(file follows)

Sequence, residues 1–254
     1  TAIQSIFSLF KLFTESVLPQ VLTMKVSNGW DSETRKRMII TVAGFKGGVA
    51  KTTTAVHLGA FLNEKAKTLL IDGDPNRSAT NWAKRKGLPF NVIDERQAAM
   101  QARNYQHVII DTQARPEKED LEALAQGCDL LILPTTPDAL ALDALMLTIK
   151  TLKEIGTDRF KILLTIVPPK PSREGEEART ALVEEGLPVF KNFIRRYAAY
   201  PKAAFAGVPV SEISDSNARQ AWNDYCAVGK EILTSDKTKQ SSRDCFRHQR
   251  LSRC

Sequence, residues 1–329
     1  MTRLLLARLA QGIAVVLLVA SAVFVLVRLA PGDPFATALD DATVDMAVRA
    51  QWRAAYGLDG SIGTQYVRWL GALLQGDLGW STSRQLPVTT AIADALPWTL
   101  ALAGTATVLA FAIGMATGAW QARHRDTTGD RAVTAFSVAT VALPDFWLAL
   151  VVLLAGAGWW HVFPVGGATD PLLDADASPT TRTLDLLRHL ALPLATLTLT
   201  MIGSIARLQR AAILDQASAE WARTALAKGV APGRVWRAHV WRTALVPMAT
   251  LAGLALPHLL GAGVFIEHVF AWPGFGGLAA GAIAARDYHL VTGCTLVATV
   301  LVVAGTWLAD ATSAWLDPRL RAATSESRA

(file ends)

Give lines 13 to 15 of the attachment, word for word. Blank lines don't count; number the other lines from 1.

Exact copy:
   201  MIGSIARLQR AAILDQASAE WARTALAKGV APGRVWRAHV WRTALVPMAT
   251  LAGLALPHLL GAGVFIEHVF AWPGFGGLAA GAIAARDYHL VTGCTLVATV
   301  LVVAGTWLAD ATSAWLDPRL RAATSESRA